The court correctly dismissed the action as time-barred. Actions based upon fraud must be commenced within the greater of six years from the date the cause of action accrued or two years from the time the plaintiff or the person under whom the plaintiff claims discovered the fraud, or could with reasonable diligence have discovered it.

Here, the wrongful conduct occurred at the latest on August 29, 2005 when [the defendants] terminated [the broker]. Thus, the action, commenced in January 2012, more than six years later, is untimely. Contrary to plaintiffs’ contention, the complaint alleges no facts showing that [the defendants] fraudulently concealed [the broker’s] commissions or his termination . . . so as to toll the statute of limitations. To the extent plaintiffs contend that [the defendants’] failure to disclose such facts warranted tolling the statute of limitations, there is no fiduciary relationship arising from an ordinary broker-client relationship. Thus, plaintiffs’ argument that [the defendants are] equitably estopped from asserting the statute of limitations defense is unavailing.

Nor is the action timely under the two-year discovery rule. [The account holder] could have discovered facts constituting the fraud, or could have done so with reasonable diligence, in 2004 or at the latest on August 29, 2005 based on her receipt of the confirmation slips and monthly statements. Even accepting as true the affidavit of plaintiffs’ expert that the 611 pages of confirmation slips he reviewed did not fully reflect [the broker’s] commissions, the confirmations and statements should have reflected the excessive trading activity on the accounts during the relevant period. Plaintiffs’ contention that [the account holder] was inexperienced and unsophisticated is insufficient to toll the statute of limitations. The test as to when fraud should with reasonable diligence have been discovered is an objective one, and the duty of inquiry arises where the circumstances are such as to suggest to a person of ordinary intelligence the probability that he or she has been defrauded.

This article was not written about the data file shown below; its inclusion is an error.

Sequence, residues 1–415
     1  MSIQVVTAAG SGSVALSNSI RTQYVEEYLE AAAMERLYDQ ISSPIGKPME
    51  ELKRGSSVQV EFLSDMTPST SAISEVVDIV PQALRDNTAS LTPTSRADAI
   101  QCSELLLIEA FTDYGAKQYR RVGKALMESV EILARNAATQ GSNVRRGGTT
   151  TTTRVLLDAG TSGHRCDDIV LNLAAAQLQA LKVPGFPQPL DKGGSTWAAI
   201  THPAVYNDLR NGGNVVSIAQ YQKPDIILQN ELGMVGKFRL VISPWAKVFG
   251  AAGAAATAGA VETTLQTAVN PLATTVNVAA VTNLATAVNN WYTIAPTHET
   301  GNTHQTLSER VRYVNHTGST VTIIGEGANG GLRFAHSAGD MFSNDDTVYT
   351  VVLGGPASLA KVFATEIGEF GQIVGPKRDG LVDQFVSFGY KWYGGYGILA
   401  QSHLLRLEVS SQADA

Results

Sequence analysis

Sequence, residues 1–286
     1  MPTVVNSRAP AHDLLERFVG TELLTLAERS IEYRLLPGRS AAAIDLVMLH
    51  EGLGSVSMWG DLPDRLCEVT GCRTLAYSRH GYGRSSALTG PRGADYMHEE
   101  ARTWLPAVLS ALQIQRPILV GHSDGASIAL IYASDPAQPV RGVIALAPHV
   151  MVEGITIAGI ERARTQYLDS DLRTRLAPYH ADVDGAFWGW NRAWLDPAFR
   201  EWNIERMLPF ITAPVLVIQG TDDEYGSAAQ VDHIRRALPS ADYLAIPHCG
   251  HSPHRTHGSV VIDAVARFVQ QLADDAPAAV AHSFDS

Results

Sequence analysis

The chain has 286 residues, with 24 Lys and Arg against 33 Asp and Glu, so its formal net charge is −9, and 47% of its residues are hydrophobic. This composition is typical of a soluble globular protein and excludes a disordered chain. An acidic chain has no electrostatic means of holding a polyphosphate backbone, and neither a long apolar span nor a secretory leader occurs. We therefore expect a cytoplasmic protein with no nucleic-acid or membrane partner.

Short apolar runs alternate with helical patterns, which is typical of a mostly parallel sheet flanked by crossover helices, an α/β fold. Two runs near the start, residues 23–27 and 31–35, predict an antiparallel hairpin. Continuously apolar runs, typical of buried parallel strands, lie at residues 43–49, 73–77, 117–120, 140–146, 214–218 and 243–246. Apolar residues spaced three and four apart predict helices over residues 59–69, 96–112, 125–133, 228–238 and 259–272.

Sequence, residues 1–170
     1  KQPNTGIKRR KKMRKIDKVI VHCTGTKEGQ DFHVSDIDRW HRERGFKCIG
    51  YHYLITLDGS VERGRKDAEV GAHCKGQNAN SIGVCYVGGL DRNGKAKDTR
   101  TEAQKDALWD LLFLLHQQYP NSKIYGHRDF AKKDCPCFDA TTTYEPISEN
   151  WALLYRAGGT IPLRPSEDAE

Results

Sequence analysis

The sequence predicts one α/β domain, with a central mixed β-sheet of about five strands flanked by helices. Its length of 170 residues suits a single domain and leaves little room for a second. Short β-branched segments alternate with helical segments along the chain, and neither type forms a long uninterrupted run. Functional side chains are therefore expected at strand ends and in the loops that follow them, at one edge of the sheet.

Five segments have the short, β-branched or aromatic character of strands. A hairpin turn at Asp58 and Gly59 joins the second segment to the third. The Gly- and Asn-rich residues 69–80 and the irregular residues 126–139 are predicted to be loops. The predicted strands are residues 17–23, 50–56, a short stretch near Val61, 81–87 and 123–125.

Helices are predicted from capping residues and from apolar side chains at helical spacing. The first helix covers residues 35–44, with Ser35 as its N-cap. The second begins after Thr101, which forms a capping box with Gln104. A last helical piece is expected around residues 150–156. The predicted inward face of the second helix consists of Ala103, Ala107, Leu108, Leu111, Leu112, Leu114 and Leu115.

(Internal quotations and citations omitted).

The statute of limitations can impose harsh consequences, but as this decision shows, courts enforce it even against sympathetic plaintiffs.

Posted: March 14, 2014

For Insurance Purposes, Cash is “In Transit” Even While it is Being Held in the Carrier’s Vault

On March 11, 2014, the First Department issued a decision in CashZone Check Cashing Corp. v. Vigilant Insurance Co., 2014 NY Slip Op. 01565, finding that money embezzled from an armored car service’s vault was nonetheless “in transit” for purposes of insurance coverage.

CashZone Check Cashing arose out of the embezzlement of money being delivered to the plaintiff’s ATMs. Mount Vernon Money Center (“MVMC”)—a non-party—would collect cash from the Federal Reserve on plaintiff’s behalf and then take the cash to MVMC’s vault, where it would be loaded into ATM cassettes, which would then be placed into the plaintiff’s ATMs. Over time, MVMC embezzled around $450,000 of the plaintiff’s money by commingling it with other funds while it was in the vault.